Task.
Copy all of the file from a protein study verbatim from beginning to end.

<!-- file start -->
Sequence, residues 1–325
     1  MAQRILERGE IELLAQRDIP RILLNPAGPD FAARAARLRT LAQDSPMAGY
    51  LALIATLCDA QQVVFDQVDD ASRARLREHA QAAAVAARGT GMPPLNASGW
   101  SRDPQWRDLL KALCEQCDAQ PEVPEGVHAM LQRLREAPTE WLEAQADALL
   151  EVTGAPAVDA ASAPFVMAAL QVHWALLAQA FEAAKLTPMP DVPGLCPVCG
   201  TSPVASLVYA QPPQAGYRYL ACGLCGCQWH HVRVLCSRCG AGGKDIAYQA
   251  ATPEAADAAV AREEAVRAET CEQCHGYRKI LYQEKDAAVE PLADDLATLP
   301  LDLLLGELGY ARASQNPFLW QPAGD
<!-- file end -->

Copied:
Sequence, residues 1–325
     1  MAQRILERGE IELLAQRDIP RILLNPAGPD FAARAARLRT LAQDSPMAGY
    51  LALIATLCDA QQVVFDQVDD ASRARLREHA QAAAVAARGT GMPPLNASGW
   101  SRDPQWRDLL KALCEQCDAQ PEVPEGVHAM LQRLREAPTE WLEAQADALL
   151  EVTGAPAVDA ASAPFVMAAL QVHWALLAQA FEAAKLTPMP DVPGLCPVCG
   201  TSPVASLVYA QPPQAGYRYL ACGLCGCQWH HVRVLCSRCG AGGKDIAYQA
   251  ATPEAADAAV AREEAVRAET CEQCHGYRKI LYQEKDAAVE PLADDLATLP
   301  LDLLLGELGY ARASQNPFLW QPAGD